I have always disliked Ian Somerhalder a lot, and I mean… a… lot.
When I first saw him on Lost, his acting made me want him dead more than the Island did, which is a lot.
But when he quoted Lillian Hellman today, “People change, and forget to tell each other,” I had to like him, just a little bit.
Lillian Hellman is my favorite broad of all time. She wore fur, smoked cigarettes, drank whiskey and couldn’t give a fuck what people thought about it.
Back in 1980-something, when I was trying to score chicks by taking a women’s literature class, I read Lillian Hellman’s Pentimento: A Book of Portraits. Suffice it to say, I got more action above the neck than below it.
Anyways, I hope Ian’s fans were paying attention to the name attached to the quote.
Audrey Assad was dropped by her record co…? When did that happen!? From a purely secular pov, she’s the real deal, and then some…
So glad to see her kickstarter return double what she asked for…
Love the sound design for David Fincher’s remake of “The Girl With The Dragon Tattoo.” Everything sounds like it’s happening two feet in front of your face. My favorite.
That said, I did fast forward through the gratuitously violent parts. I saw them in the original, and once was enough.
For three months now, I’ve been working on the score, sound design, foley and mix of “King’s Faith,” with the film’s director, Nick DiBella. We’re pretty proud of what we’ve accomplished so far, and looking forward to the private screening for cast and crew this weekend. We’ll continue polishing over the summer, while seeking offers from distributers.
As an avid consumer of goods, a model American son, over the last ten years, or so I’ve noticed a very troubling trait in the products I purchase—planned obsolescence.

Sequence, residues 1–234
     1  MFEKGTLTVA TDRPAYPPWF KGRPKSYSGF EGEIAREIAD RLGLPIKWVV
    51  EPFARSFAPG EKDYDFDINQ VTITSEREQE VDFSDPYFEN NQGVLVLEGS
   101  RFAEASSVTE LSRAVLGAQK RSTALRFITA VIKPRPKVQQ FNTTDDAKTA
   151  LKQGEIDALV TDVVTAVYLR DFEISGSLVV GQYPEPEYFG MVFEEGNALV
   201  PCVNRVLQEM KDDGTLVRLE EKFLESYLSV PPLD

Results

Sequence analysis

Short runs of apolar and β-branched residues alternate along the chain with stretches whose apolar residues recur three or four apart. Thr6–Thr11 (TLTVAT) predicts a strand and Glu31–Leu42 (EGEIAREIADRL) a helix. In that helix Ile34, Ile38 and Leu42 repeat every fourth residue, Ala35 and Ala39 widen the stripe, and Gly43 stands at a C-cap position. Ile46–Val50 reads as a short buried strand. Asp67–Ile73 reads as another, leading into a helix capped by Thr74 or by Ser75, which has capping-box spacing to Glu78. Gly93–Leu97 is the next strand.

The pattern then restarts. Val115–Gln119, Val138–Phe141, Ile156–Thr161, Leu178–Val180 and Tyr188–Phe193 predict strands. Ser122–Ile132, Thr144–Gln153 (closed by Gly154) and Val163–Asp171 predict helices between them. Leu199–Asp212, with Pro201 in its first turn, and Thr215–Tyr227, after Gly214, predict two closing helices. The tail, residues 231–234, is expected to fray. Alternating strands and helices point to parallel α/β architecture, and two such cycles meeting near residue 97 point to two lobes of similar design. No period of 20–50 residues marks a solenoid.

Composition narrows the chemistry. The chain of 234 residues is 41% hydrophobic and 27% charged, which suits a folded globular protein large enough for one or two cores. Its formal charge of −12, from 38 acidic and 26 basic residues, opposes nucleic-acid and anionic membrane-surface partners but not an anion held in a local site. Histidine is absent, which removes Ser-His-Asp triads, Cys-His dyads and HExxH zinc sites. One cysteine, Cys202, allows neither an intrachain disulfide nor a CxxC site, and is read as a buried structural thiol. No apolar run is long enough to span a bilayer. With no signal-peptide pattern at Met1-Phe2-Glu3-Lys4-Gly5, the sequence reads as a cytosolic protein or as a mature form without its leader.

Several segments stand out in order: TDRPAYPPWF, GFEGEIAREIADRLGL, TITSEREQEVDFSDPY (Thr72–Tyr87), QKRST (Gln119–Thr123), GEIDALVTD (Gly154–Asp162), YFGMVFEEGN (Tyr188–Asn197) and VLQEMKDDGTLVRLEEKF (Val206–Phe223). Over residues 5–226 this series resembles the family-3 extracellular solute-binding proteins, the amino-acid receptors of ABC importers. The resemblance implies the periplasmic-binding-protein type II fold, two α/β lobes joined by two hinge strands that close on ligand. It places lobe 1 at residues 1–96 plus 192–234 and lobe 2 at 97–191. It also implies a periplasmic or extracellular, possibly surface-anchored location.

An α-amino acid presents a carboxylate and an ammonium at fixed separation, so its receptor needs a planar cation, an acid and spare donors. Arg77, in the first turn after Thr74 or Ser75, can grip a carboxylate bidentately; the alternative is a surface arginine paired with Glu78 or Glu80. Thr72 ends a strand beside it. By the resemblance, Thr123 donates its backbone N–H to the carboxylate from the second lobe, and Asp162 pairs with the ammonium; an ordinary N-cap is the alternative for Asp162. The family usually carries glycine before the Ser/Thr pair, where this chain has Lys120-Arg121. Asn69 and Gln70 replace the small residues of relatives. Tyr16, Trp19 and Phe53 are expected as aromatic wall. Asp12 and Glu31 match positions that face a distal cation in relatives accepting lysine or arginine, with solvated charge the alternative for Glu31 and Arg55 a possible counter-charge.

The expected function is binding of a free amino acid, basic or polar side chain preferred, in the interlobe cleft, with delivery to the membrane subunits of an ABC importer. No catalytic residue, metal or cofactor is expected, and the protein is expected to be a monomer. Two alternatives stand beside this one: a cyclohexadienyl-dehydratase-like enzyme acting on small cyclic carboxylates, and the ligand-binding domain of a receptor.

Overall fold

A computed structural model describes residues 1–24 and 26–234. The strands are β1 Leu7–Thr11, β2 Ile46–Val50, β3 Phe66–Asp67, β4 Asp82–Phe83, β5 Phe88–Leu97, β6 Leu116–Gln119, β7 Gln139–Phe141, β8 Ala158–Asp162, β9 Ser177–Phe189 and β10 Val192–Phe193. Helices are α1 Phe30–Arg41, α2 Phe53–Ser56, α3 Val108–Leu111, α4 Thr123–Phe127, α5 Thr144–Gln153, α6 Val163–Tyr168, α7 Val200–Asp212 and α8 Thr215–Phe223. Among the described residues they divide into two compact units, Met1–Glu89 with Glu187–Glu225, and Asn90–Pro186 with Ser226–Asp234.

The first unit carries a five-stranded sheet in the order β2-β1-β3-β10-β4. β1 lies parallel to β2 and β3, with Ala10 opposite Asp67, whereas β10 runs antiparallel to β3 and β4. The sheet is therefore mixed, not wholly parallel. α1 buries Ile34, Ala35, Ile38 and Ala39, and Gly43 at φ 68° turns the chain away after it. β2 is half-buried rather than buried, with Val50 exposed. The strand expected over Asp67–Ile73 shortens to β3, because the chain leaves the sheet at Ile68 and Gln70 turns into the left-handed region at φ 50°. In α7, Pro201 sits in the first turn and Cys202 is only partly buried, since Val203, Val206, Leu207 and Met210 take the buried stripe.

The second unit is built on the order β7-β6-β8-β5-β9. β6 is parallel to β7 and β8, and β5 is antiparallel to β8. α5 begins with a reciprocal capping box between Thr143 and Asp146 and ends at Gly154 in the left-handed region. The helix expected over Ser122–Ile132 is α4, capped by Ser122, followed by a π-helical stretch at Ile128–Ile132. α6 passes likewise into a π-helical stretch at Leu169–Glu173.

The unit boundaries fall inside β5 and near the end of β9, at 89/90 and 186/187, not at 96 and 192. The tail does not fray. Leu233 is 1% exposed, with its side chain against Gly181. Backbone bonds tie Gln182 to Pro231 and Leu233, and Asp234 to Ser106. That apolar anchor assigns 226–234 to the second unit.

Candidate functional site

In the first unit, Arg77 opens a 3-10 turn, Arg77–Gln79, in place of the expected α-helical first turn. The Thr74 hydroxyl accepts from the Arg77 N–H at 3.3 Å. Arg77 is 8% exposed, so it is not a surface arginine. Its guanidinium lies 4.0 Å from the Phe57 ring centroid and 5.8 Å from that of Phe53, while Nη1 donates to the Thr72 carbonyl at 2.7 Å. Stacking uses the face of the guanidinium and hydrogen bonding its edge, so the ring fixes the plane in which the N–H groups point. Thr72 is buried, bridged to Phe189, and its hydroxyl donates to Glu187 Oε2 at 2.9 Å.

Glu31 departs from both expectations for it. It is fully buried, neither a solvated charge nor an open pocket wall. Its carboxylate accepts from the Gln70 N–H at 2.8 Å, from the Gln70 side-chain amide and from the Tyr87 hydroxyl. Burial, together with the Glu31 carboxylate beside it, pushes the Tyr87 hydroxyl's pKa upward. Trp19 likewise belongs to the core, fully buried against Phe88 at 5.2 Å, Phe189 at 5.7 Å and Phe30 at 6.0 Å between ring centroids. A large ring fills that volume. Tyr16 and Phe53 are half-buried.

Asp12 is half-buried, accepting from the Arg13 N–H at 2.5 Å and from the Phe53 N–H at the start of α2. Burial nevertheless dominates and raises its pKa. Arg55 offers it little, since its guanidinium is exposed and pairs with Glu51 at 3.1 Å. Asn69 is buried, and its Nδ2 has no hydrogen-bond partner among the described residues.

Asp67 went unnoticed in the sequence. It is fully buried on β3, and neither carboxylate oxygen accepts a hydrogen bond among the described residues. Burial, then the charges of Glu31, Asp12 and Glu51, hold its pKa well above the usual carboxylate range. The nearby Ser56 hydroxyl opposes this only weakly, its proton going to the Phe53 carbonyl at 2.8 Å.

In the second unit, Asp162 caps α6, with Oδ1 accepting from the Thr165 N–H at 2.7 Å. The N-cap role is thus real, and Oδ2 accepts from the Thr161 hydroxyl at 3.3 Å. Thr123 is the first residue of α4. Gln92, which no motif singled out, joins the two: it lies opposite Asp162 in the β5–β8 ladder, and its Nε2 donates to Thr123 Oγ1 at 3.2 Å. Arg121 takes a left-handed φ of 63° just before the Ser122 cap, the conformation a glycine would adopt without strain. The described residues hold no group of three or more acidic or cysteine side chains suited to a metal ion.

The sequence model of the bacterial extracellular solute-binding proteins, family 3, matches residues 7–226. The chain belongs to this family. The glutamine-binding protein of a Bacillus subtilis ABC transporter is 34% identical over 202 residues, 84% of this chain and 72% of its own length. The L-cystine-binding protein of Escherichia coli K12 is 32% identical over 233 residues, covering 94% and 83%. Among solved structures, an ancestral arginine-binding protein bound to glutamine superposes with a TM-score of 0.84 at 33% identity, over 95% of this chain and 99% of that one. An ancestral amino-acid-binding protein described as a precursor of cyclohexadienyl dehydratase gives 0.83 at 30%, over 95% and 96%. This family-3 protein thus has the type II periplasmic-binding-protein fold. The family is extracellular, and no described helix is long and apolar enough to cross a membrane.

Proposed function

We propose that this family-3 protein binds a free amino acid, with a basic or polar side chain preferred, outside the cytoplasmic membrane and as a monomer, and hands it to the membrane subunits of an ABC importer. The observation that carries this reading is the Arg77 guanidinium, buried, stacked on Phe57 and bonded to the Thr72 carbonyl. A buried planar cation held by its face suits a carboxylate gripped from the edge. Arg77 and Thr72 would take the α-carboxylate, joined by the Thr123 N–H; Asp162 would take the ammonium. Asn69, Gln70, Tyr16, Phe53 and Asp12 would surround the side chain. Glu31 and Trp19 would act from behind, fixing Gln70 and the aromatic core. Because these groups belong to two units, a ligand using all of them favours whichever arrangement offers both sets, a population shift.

Now I know, planned obsolescence is part of nature, all things die, but my KitchenAid Blender after a year… really? The Margaritas were that tough, huh?
I could name twenty other experiences with products that just don’t seem to last like they used to, but I’m not going to. Instead, I am going to talk about the one, and only product I own whose enduring quality is not only remarkable, but unique in my experience—my Weber Genesis Gas Grill. It will not die. It has three burners that never fail, and a build quality that would survive entry into the earths atmosphere from space. I even retrofitted it to use natural gas—no propane tanks, baby.
People of Weber, I bestow upon you my highest award of excellence.
My room is now a veritable showcase of acoustic materials and sounds like poop no more. :)
I’ve been recording acoustic guitars in it daily for the last few weeks, and I’ve noticed a difference.
Whether I record close mic finger picking, or from several feet away with a plectrum, it all sounds fantastic, period.
No matter what the technique, the subtleties shine through.
Once the film drops in June I’ll have a metric ton of stuff to share hopefully. Check back then if you’re interested.